Now with the NHL back and an expansion team in Columbus I may be able to get back into hockey for a third team and start following the Jackets. I haven't seen a hockey game on TV yet this season so it may be tough. I think what I may have to do is pick up a copy of NHL 2006 and that'd do the trick :laugh:

Cyclone792
10-13-2005, 02:14 PM
NHL '95 introduced me to Joe Niewendyk, Theo Fleury, and Big Al McInnis (best slapshot in the game). I still root for the Calgary Flames.

IIRC, Fleury was also probably the fastest guy in NHL 95 ... I swear he'd go the length of the ice in about two seconds.

westofyou
10-13-2005, 02:15 PM
IIRC, Fleury was also probably the fastest guy in NHL 95 ... I swear he'd go the length of the ice in about two seconds.Theo was quite the player back then in the real thing too, he used to cause quite a scene when he'd hit San Jose, the fans there hated him and he played them like a piano.

Johnny Footstool
10-13-2005, 03:58 PM
IIRC, Fleury was also probably the fastest guy in NHL 95 ... I swear he'd go the length of the ice in about two seconds.

Niewendyk had a something like a 90 power and 95 accuracy. McInnis had a 99 power and 80 accuracy, plus a 90 checking. Fleury had a 99 speed and about an 80 checking, even though he was small. Calgary's #1 line was awesome.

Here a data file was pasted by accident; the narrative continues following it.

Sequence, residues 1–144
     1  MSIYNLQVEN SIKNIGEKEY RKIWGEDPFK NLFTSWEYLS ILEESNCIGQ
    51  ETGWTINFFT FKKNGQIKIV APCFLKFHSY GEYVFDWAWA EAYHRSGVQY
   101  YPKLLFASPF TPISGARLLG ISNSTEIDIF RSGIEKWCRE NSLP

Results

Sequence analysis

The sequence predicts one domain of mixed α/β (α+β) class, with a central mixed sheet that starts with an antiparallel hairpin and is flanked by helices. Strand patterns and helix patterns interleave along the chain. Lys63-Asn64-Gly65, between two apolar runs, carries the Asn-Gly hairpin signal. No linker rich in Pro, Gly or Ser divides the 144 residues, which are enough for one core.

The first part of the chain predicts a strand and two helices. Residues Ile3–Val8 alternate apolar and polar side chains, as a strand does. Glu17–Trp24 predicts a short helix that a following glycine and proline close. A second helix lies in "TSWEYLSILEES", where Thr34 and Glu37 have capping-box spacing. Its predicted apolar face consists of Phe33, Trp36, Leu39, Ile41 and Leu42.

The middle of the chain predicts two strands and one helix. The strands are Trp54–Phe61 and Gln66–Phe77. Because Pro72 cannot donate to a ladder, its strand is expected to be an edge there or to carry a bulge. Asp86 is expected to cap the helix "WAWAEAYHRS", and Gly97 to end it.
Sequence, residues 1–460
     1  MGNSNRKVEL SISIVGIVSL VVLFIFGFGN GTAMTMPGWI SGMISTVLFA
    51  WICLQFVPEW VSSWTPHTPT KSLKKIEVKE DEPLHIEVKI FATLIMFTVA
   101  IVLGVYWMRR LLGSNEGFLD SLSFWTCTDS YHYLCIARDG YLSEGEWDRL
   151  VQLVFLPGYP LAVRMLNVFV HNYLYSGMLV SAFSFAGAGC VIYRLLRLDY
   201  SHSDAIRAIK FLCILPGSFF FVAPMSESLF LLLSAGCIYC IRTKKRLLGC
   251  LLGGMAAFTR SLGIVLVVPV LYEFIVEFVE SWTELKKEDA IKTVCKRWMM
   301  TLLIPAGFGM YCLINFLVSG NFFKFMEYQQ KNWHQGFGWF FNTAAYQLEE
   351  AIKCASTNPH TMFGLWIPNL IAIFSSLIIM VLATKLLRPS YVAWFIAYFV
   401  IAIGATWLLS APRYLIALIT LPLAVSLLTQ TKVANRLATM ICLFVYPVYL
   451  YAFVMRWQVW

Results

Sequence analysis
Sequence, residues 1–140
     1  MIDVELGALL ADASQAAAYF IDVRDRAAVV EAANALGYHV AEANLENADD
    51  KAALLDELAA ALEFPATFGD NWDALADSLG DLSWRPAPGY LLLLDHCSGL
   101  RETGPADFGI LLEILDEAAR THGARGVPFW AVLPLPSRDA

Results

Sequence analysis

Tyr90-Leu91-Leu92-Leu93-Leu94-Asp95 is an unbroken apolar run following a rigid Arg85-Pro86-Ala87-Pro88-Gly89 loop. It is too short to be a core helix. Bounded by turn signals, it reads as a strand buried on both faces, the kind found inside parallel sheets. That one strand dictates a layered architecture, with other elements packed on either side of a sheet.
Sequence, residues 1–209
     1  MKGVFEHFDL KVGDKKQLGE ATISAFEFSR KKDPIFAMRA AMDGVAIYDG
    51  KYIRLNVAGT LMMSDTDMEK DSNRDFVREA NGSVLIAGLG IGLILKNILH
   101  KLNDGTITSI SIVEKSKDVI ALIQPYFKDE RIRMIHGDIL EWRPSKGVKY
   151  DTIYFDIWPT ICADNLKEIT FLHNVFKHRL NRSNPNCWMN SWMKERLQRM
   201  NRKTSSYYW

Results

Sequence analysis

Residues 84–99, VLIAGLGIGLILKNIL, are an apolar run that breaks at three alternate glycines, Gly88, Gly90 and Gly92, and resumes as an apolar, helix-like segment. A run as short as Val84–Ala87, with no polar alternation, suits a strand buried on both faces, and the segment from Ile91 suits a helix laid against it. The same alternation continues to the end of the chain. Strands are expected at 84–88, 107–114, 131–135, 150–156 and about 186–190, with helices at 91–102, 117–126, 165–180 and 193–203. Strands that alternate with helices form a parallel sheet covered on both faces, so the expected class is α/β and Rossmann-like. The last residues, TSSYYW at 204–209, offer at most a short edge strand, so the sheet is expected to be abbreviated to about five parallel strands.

I think Fedorov and maybe Bure had 99 speed, too, but I liked Fleury better.

BuckU
10-13-2005, 04:00 PM
I am a big hockey fan, but I must admit, the new rules are brutal. There is absolutely NO physicality anymore. Penalties are called for simple shoulder checks into the boards and any scrums after the plays are quickly broken up. Don’t get me wrong, I don’t watch hockey to watch 2 guys who average 4:30 ice time per game slug it out after a face off, but I do like the hits and physicality. I truly love the offensive side of the game, but in the back of my mind I am always watching the big hits.

If the NHL wanted Euro-Hockey, they got it. They say that the new rules will promote rivalries. No so fast….rivalries are built on tough games and players playing with emotion. The first week there has been no emotion, no physical play, no heart. I agree with the shootout rule, the elimination of the red line, etc., I just can’t get over the way the games are being called.

I’m venting. I have been a lifelong hockey fan who remembers the glory days in the 80’s where you hated guys who wore the sweater of your rival. I know it’s only a week and most people would give it more time but I can’t help asking myself the question “I waited 1 ½ years for this?”

Hopefully all these anti-contact rules will die like the obstruction crackdown a few years ago. In the meantime, I’ll be wondering if hockey ever really came back….

If you are going to give hockey a chance, hope that in Decemeber things go back to the way they used to be, otherwise you are missing out on how great this game really is.

OldRightHander
10-13-2005, 04:14 PM
I am a big hockey fan, but I must admit, the new rules are brutal. There is absolutely NO physicality anymore. Penalties are called for simple shoulder checks into the boards and any scrums after the plays are quickly broken up. Don’t get me wrong, I don’t watch hockey to watch 2 guys who average 4:30 ice time per game slug it out after a face off, but I do like the hits and physicality. I truly love the offensive side of the game, but in the back of my mind I am always watching the big hits.